The Courier News from Blytheville, Arkansas on October 12, 1934 · Page 6
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The Courier News from Blytheville, Arkansas · Page 6

Blytheville, Arkansas
Issue Date:
Friday, October 12, 1934
Page 6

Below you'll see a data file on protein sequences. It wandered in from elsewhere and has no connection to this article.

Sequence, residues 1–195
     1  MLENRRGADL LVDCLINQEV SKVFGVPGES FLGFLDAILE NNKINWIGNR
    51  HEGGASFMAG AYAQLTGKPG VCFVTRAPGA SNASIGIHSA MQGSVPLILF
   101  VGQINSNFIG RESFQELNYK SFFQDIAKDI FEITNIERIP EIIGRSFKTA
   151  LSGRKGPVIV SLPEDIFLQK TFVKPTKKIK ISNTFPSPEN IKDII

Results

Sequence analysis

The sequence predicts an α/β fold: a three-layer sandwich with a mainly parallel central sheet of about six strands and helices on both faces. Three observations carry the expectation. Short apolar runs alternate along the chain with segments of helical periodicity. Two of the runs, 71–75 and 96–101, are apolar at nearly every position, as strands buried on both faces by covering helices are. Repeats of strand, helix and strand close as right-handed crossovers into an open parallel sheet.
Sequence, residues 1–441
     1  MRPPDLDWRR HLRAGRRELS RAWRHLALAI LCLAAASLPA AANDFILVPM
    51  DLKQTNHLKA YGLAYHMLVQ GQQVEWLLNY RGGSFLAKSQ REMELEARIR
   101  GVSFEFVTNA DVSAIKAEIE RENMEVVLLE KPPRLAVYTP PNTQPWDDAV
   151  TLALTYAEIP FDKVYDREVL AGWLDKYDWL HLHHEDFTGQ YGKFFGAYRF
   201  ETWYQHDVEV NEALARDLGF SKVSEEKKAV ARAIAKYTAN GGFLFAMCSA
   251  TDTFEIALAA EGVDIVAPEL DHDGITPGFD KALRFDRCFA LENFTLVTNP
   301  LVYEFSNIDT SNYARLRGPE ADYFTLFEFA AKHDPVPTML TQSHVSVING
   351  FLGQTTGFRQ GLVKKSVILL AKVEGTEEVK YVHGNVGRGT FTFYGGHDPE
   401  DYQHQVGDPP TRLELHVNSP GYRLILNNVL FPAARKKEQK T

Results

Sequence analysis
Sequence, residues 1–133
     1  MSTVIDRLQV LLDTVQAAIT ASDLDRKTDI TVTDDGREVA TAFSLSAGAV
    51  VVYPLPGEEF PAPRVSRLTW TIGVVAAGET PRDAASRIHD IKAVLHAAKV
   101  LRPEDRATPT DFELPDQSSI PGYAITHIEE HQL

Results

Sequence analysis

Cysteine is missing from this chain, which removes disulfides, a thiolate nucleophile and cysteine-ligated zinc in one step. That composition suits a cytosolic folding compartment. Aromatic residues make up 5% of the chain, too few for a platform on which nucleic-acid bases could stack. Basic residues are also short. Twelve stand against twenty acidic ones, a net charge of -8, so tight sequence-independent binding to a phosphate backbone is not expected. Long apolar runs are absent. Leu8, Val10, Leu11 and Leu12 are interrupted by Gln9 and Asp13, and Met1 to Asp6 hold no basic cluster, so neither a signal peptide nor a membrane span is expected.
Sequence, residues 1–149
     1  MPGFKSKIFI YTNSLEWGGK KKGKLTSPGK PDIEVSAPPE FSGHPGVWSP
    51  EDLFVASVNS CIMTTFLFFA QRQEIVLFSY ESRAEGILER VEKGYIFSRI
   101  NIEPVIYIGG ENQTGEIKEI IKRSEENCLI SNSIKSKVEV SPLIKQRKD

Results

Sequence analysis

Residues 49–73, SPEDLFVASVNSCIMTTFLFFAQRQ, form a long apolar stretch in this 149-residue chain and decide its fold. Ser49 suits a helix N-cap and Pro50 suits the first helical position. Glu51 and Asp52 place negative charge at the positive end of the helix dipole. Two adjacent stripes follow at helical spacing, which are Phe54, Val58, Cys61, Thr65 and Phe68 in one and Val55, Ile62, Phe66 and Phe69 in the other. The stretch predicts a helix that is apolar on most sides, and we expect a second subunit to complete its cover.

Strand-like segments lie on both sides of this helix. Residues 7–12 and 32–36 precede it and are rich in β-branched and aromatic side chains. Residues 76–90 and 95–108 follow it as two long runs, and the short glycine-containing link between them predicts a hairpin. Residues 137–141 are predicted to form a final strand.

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1& r .PAGE SIX ?A5 ' .,T~1 BLTOIEVILLE. V*i r £--___. BLYTHBVILLE,- (.ARK 1 COTlPTfrfc vtttv" <Ai < *• ' ••—' '—'• • - ..." • -.-• ... ,„ .- ....•-—-.— i - , - - . __, • M»-I.«J, \<T.«I\.J v»\JU ii'IJJfA INJiVViS I?DTT\ iv AruT/"*nr>n . ;^ •^^ ; —.... , ... ~-___L_l_ f __ r FRIDAl, OCTOBER 12 1934 IStiff Grid Battle Looms At Haley~Field Tonight 3 Tiinnnnnrnn nun ~ ~7T ~Z ;~7 ., ~ — . ——?=L____ Forrest City To Have Slight Weight -Aclvan- lagc In Forward Wall liy J. I'. FlllKM) Facing for Ihe first time this season a learn rated at least on even terms, the Blyllievllle CJilckas.uvs are expected to get the acid test tonight when they meet the Forrest City.'high school Tliorobrctls. The opening kickoflf Is slattd for 8 p.m. under Hie floodlights al Haley. Held. In their first two games, the Chicks weie brilliant, running up 124 points against Osccola and Eaj-le. Their blocking and tackling were little short of sensational as U* mldnet backs, averaging but 150 pounds, ran riot, rolilsv; up more than 1500 jards, repainting 27 firet downs and la tou:.h'Ji>wns. However, In both contests they greatl) outweighed their opponents •by many pounds and easily rushed them oif their feel. Forrest City Heavier But tonight the tables are (iiriirrl. Instead or having a weight advantage and superior experlsnce the Maroon and White are to meet ;i line thai will average better than five pounds to the man liravlcr and 3 the b'ickfield ,lo have about the | came advantage. According to Ihe | information received from Coach | Irving the Forrest City forward will |» average 1G7 while the backdeld will fc scale 157 per man. Dykes, led lack- H le.jls the lienvljsl man in the line, rj ilpumg ihe beam nt 100. Tatum, r left guird, ind Brown, right tackle, | uejgh no cadi. | Captiln Bud Brldgeforth and W g Frje backs are listed at 100 and | 1G5 rcspeuivcly. E. Wright, quar- % terback, Is next In weight, 154 If pounds Parker, the oilier starting member of the backfleld, pulls (lie scales to 150 - The team thai lakes the field for the owning whistle Is, with but one exception, the same ihut stai t- 4 ed against Little Rock. Drown, a g tackle, icplaccs Durbarrow, who 1ms t | Seen converted Into n halfback Tube to "Slioot the Works" * the fray ,- Ith orders from Coach } carnej LasHe t o g | vo y jem w)lal , s t commonly known as «)e. "works" Jj In other words, everything thrv < ™-\* They ore a confident Brxm I but not over confident. As o-v p Chick expressed it "We me'-.'•"•* out_ thcie, to take" them .In such a 5 J?^' n ^ r " lal *''''.''woke'General \ ^nts maich on'Richmond look e nkc a Boy Scout hike." I ' The Maroon ami white coaches l are starting .the.sninc team Hint opened the Earle game. Dick Tinton and Ffl"enc Blackwell will be on ho ends, tackles, Olynder "Ras- Putln Rau i Dr nifc| „ * Walker, Elmer- Lindsey and Hen- Limsford, guards; J. \v. enter; Hershcl Mosley, . k . halves, OHO!! Craig- and _ Basil Locke; Eddie Sallba, full- StruL Saturday for Alma Mater lo run through tin- Pitt team nl Pittsburgh. Center Is Art Alioiicii, Hie Plianlom Finn halfback of whose "cotfln corner" kicking may mil Oregon In a bad hole when the two loams collide at Por right is Ilarrv I( "* IM "" - ni -- ' >..i««. . .. - . . - - ' . Houge. Inset 1 the University Gallopin of Wasliinglo]i, at vou al K »i fluuiirn. on wiitmi uou ch Jack Mcn E hcr is counting to upset, Louisiana Stale at' Pilon iln and center of the University of Texas, wlio leads his squml against Oklahoma at Callus. back I.omi Swakcr Installed A loud speaker has been insUilleB at Haley Field. GUIs rtoush, announcer for the local radio station L tl? 0 Dlay b ' y ^' <letn ' ls as the game progresses •• it j s n- pectea to add much to the Game , ' or Me shtion, u supervising' the op- erat on of the device. School officials express hojjes thai the press box n,u be completed in time for the gam- it is sjtuatal on the cast B " 1 C ,, . Parngould, who starred for Hendrix several years Iri>: " g ' manag liam Campbell, a nd (he follow Sutherland Believes Trojans Wjll Beat Pill and Stanford, Northwestern * BV .JOCK filJTItliKLANI) ! ; Head Coich, Vu!vrr«Jtv of '•) ' : '.p.' Tn'SBtJRClH, Oct. •lO.-Wi'th the football .season In full swing, and Ihe annual guessing contest among tlie nation's fans started In earnest, the games of Oct. 13 will oflcr a lough tusk to the Saturday morning experts who offer their prognosllcallons free of charge. In the cast, Ihe hcndlincrs arc the Penn-Yale conflict, thc battle between Drown and Harvard, and our own K amc with Southern California. While Harvey Harman's new system «'„ pcnn (h c has abandoned the huddle and the shift) is bound to produce a surprise eleven to stack up against, I'm string- Ing along with Ducky Pond's Bulldog. Yale has been knocking on the door for some time, and I look for (lie team that Army, Harvard Princeton, and Georgia battered lest year to arrive under the muster touch of pond and take Pcim's measure. Harvard Is going to have a tough lime with Brown again. Last year Eddie Casey's Crimson crew" Imd trouble disposing of Tuss McLaugh- ry and his triple winguack formation, finally winding up with a 12-G decision. Thc score probably will b" as close this year—an<t Brown has the goods to score an upset. Like all loyal coaches, I'm picking Southern California to lake our Pitt oulfit, but— ^.....J^LT^J^ HIIU [He lOnOu" i~ "ig twenty players ari e .\p"cled in ™ "S ollUil!m <"ng conllict in the nrnic earlj this afternoon in time " ls . rcu wl » "» Ihe Ohio statc-II- to get a look at Haley Keifi and S E "" K on thc Ilmii stamping " V ' fi and Bounds at Champaign, n seems to me that Ohio Is going to spoil the entire day- for ininols aud j^, GranBe. wlio will be honored with a -Grange Day" at that time. i attract a lot of attention is thc Pur- jdus-Notrc Dame fray. The Irish are put to avenge that defeat al he hands or the Boilermakers in Captain Bndgciorfh, \v FT Frje, latunv Dykes,,' •Poolo, E Wright, B. Wright r er, Durbarrow, Borden, Vane, wait, Hargroves, Burns Ferguson, j Ferguson. 1 19S3, and Elmer Layden, with who. I became Intimate here in j burgh, jnny have just cno 1 old Rocfcuc ap tuies Cavuthersville t c Blown Shoe Derby Keen r~A ' Second, Unravel Third -gs as o,,,,., Seta was second and Spoilt Baby ImJ • Moashcr - L - s ' u - *» third. Tim<.,™«i.K " au >!W.ely winner. CARUTHEUSV1LLE, Moi-First Place In the $25D;Bro™ shoe Compan/ stake Derby, the feature race of Thursday's program at the American Legion District Pair, wa s won by Maxitnus, E.'Ray up, covering the mile In 1:42',J. Barney v """ was. second, • and Unravel »»..M. iinif wa-s i:ua. Race one, classined pace, a three-1 r " cro heat plan, $150 purse, was won by! ttlc •' Lucy Gano, first in each heat Kit- ma> a ' <f- I . tfr: third George coslow „.„»-.„«., the wreath to Owner c. Lupc, and " silver cup to Jockey Bay. Tom M»rr, Jorgensen up, placed The 98' Get Into GAME - Alabama Miss. State Army- Drakc , Louisiana Slate- . ' Alabama; Poly Boston Collcgc- i Fordhnm Harvard- Brown Callfornla- College of Pacific Cf.rnegle -TccV\- Micli. Stale CornelJ- • Syracuse Duke- Georgia Tech Pllt- So. California North Carolina- Georgia IlUnois- Ohlo Slate Indiann- Tcinple Nebraska. Iow« lown' Stale- Missouri Michigan- Chicago Northweslern- Stanford Purduc- Notre Dame Oklahoma- Texas Tennessee- Mississippi . Texas . A. & M. Centenary Washington- Oregon Pemi- Ynle i Wrong Club the Gridiron Game HARRY GKAVSON • PICKS ' Alabama 21-0 .'; Army ,30-0 .JOCK SUTHERLAND PICKS .Alabama , 20-7 Army 26-6 . of Guessing COURIIilt NKWS SPORTS EDITOR PICKS Alabama .150-0 .. 'rArniy • ' 21-0 * * Winners YOU PICK • -liJTIe.- • • Louisiana - State t .-' Louisiana- state .6-6? Fordham 1 19-0 Brown • li-0 California 20-0 Carnegie Tech lll-G Syracuse 7-0 Georgia Tech 13-7 So. California 13-0 Georgia 18-0 Illinois 21 -c Indiana 30-7 Nebraska . 7-6 Missouri C-0 'Michigan 21-6 Tic 7-7 Notre Dame 14-G Texas 7-C Tennessee 20-0 Centenary 2G-0 Tie 13-13 Yab 20-7 1-0 Fordham • ' 14-0 Harvard 13-0 California 19-0 * Tie 6-6 Syracuse 13-0 Duke 20-li So. California 14-0 ' Georgia 13-0 Ohio Stnte 13-T Indiana 20-6 Iowa 14-6 Missouri 7-6 Michigan - H-6 Stanford 7-0 Tie 7-7 Oklahoma 12-6 Tennessee 19-0 Centenary 10-6 Washington 14-6 Yale 13-6 ' - . -'v G-0 .-, ' ' Fbrdham Harvard 1*6-0 ' . California 14-0 Mich. Stats 7-6 Syracuse 7-0 Duke So. California Georgia ;J 14-0 Ohio State :13-li ' Indiana. 24-0 Nebraska 6-0 Iowa Stale 7-6 Michigan 12-0 Stanford 13-6 Purdue 7-6 Texas ;12-C Tennessee M8-0 Centenary 12-0 Washington 12-0 Yale 14-0 ' ' ^ PICTURES HEC1IC Describes Eventful "Near Riofal Series Game and Possible Consequences BY HAKIIY GKAYSON NEA Sports Kdiior DETROIT, Oct. 12.—The score was 9-to-O as Hie Detroit Tigers wenl lo bat in ihe sixth Inning of lie payoff. game of what perhaps wns Ihe wildest and roughest world :erlcs In lilstory! The score was right on two xmnts. Thc St. Louis Cardinals had toed lie plate tlml many limes, and he game should have been forfeited In what perhaps was the ncsl disgraceful scene In thc.nn- iiis of the sport. Judge Kcncsaw Mountain Landis, supreme commissioner of baseball, took the easy and only way out when he ordered young Joe Mcdwiek from the gnme "to prevent a riot." Under the circumstances, Landis' decision was a level-headed one. Bui it also established a prece- ient for the throwing of things, •lerc's n brand-new way for home fans to help iiicir club. Just boo an opposing star loudly and chuck lollies and fruit or anything landy long enough. The unipire- n-clncf no doubt will give him the bum's rush. That's what Lnn- lis did. Happily for Landis the score of he deciding game of the world scries was so lopsided thai the tordinals made little protest. One could not help but wonder what would have hapi>cned had the game that meant thc world championship and 542,309.99 — the difference between Ihe winning anil losing share of the players' )ri/.c money—been air tight. There is little doubt but that a forfeiture against the idolized Tigers before the hysterical crowd nt Nnvln Field would have resulted in a riot. : * * * Excuse Sly Suikcs • : , ; Yet that is what would' liave transpired had Landis not been present, for Harry Geisel, the iiih- pire-in-clilcf, had the watch out, and tlie veteran Bill Klijiu declared that the gnme would have been forfeited had it been up to him to .decide. • I Landis divested the world series {arbiters of thc power to give the athletes the gate as tlie result of criticism in coiin^iii.ii wilh Heinle Maiuish, of the Senators, being banished in thc Washington club's series with the Oinnts last fall. Mixups like the one between Medwick and Owen frequently tak place in hard-played games, it Just happened to be the one too many in n series marked by vicious base running, and ignited the aroused feelings of Ihe addicts. Klem.'j stationed at third base, explained thai he would not have put Medwick out of a gam for what the Hungarian kid did in tlie heat of battle on this occasion. Medwick tripled off the butt of the right-field bleachers to score .Vfartfn. In order to escape being knocked out of reach of thc bail thrown from the outfield. Owen got off balance. When his mlit .foot came down it landed on Med- ?v Si when landling the ball, executed a slide into second base that would have (lone Ty Cobb credit. On reaching first base on his second hit of the round—a slow roller to Owen—the amusing Dean ty array of Norlhwcstern's Wildcats. Dick Haulcy, thoroughly nc- (luaintcd wilh western condition.-, through repealed coaching of the eastern squad in the annual east- centered around Quar- Pattcr. to throw at Bui I believe Thornrtlll's junior squad, clianng under thai 7-7 tie with Santa Clara, will be playing Its smartest brand of football. In such case. Northwestern will have | t lo be lucky to win. In the south, the game betwec — ..v~M lt; al j,Lu in -.mi i o •!! mvj .-.uiuu, \i\c game ocuvecn itore a close victory over KUer's Ixuli siiina state and Auburn stands out. Th< school Is b;ln? "•• "'"• i»e loriuer scnool is b;ln? out west Stanford faces a nilgh-j lrailcti as the class of Dixie this first in the m nve-clghths dash year, while the latter is an un' under thc direction - • ------ ••• fv.i iivtii. rviit.- a Volo took Iwo seconds and Jimmy Strathniore was third twice Best lime was 2:11 1-2 Pronto Win took first iu each of the three heals of thc 2:25 trot Peter Coleeri was second each heat and Bucky Polemkcn .third each heat, The purse was 4150. ' The half-mile dash, $60 purse won by Blagdon, T. Com UD' re is one interactional game southwest between Oklaho- Bit- Six team, and Texas, member of the Southwestern Conference. Tills game, to be played at Dallas, will be a close one, but I look for Lew Hardagc's boys from Norman, Okla.. to win. , mouth ' Tune was 49:25. Traffic on the George Washington bridge In New York City snowed a 17 per cent increase during the first halt of 1934 as wilh thc pcrlo<l ot Smith and Welch to Come Back Whether hc made the vow Smith meet George, an unknown Is coming back to more or less of amount. Chicks and Engineers Will Meet at Lepanto A so-called double wiudui> will | LEPANTO, Ark.—The Memphis be presented local wrestling fans Monday night nt the armory on the American Legion's weekly card. Chicks, headed by Harry Kcllcy of the Atlanta Crackers, will mc ct the U. S. Engineers of Osccola at Howlngton Park, Roy Welch, ihe Canadian wild- ?£„.??„„ ™, S ', 'J 1 Lci]!mto ' :al. will meet "Gentleman" Jack J'l r ' ^',, C '° ber 18 ' at 2:30 ' «* Purdln in one halt of the wind-up ^ n °' £, A ™"";»» L ^ion Tcr- In a BO-mlmili. t.lnii> ,„.„! rat " n Derb 5 festivity. cat, Pi out of three falls match. probably the last of the ,„„ matches in order of nrcsciilatlon Ralph Smith, the Jackson, Temi. lirofessor,.returns to the local arena to meet Sammy George of Detroit. the Blytlicvillc-FoiTcst City Line-Un The |irob/iWe starting lineups, their weights, numbers respective positions: KI.YTIIKVII.I.K FOKKKST CITY Weight Pos. IVeitjht Player 154 LE 100 P. Fryc 195 LT • 100 150 LG 170 Pl;l)'t-r P.!ackw:-ll Haydcr Lindsay Pi:rtle Lur.Efoi'd Walker Tiplon Mosley 'Craij I cckc 100 no 158 HO lO'O 143 158 Pos. LE LT' LG C RG I ITHE Qf) LH RH FB 150 160 1G8 165 154 105 150 100 Oykes Taluni i'oole May Brown Vance E. Wright W. l.-iyc Parker UridKeforth and No. Ci 75 5S CO 71 74 • •" . »ww Ul kU£VJUi Ull 1U r.:scrves-<r,lylhev!lle) 57 W. T. Burns (185) T : 19 Burlon (1C5) E; 6 .Meredith (155» HB; C John Burns (125) Qii; n D u urir> Ho.) O: 12 Baxter (155) C-E; 10 Harris (155) T; 7 Hutchim (130) HB; 15 Larkln (l(iO) T; 14 Be.-,harsc (135) E. Forres: city—63 Enrtarow (1C9> HI); 61 Borden (145) E; ra Czwnlt (150) E; 57 Hargroves (K5) G; CO Burns (1C8) G- McCoy (150) C; 55 J. Ferguson (102) T; E. Ferguson (156) T- 58 li Wright (132) HB, Cmr!els-"Biil" Meriwether (Hcndrix) Referee; Frank Wlill- v.-ci-th, Umpire; Dick Potter, Head Linesman; John Holland Field Jcdge. Time cf Oame-8 P. M. Length of Quartcrs-lS inliiiil.-s Place—Haley Fi?hl. ' r- i- Goslm was slow ous since Thermopyle He hit an; tallied whether" he Had been cred- ""' W " h " hit ' Dizzv "kes to keep track of his personal statlstka. "Is that a hit!" he yelled to the official tally keeper, seated in the press-box 'way up • there on the grandstand roof. Wigwagged that it had been so adjudged,-. Dizzy slipped into his red sweater coat, . . ---^ "".ujitu-, uutin anjjfljcu uiuj i]is reu swcE •«™ up the game i-itil he ascer- and the game proceeded ••••••BBBBBi Don't Forget the Football Game TONIGHT! In thc other half of the bill and : Rlanrhard mhithu- ti.^ i*,i *, «,, ...; |Diancnara Coleman to Draw w meet saminy ucorge of Detroit. co?cmin 0 f 0 ,PJu lC , h " r<l J" ld S ° Idlcr They arc also down for 00 min- ,,i, , , , g l l ° a draw '" thc utcs or less, two out of three Ms. fcT'J;", ™.. lhc . »««? .«»x- The card will mark (he return here of two familiar faces of the [last winter In Welch and.Smith. Welch was the top ranking toughy here iinlll John Marr wiped him out last summer. Smith has been a favorite of local fans off and on. his last ap- :>e.uai>cc being featured by forfeiture of n match followed by Smith's reported avowal that he would never wrestle here again Ing card at day night. In another m a t c ], NotcVl ^ im . b:rt of Blytheville defeated Gils Liinsford of Blylheville by ail easy margin. Willie Fitzgerald dropped a decision to Tommy Gentry in a nurd tout. Three bird sanctuaries are planned for Central Park in New York City. wick's left leg, and sprawled OR the ground. Owen sat on Ernie Orsatli's head in a similar situation the day before. In the kind of a scries it was, Medwick's Idea ot a good way I to get Owen off of him was to' kick the third baseman in the stomach with both spiked shoes. Fists seemed about to fly, and the players of both clubs swarmed around the belligerents. When order was restored and play was about to resume, 'Medwick offered to shake hands, but Owen waved him away. Owen also refused to make up when they were called before Landis 15 minutes later. The game was delayed n minutes when the Cardinals took the field, thc better part of which fans in Ihe lemporary bleachers in left field showered Medwick with fruit, buns, hot dogs, and other vita-' inlns, and empty pop and milk bottles. * " * Cards Enjoy Shower The nonchalant Cardinals apparently enjoyed the sport. Medwick fielded the fruit, and threw it at Icamcraihen who dashed out to ob- jf.iiti close-ups. Orsatd Joined him In giving thc customers a show In return by playing catch with an orange. Medwick and Martin participated i:i a screwy pepper game with stray blls of fruit. After the Cardinals scored their last two runs in the seventh session, the left field bleacher fans, appeased by the replacement of Medwick by the veteran Chick Pullis. shouted, "We want a touchdown I" It would have taken a couple of touchdown to have beaten the Jnrdlnals. And touchdowns weren't being made against Dizzy Denn. It was Dean himself who in the hlrd Inning launched the attack hat quickly turned the contest tn- o thc most devastating and riot- thousands root for the TRUMPETER HE guarantees all-wool in Hart SchafTner & Mai-x clothes. Very . important at a time when, so many cheap substitutes for all-wool are deluging the market. The Trumpeter protects you from fabric fraud. He guarantees modest prices for line quality. He guarantees expert needlework and better style and fit. Get the Trumpeter in your clothes —a small thing to look for— n big thing to find. Hart Schaffner & Marx Suils and Topcoat New ' Mead Clothing Co. 0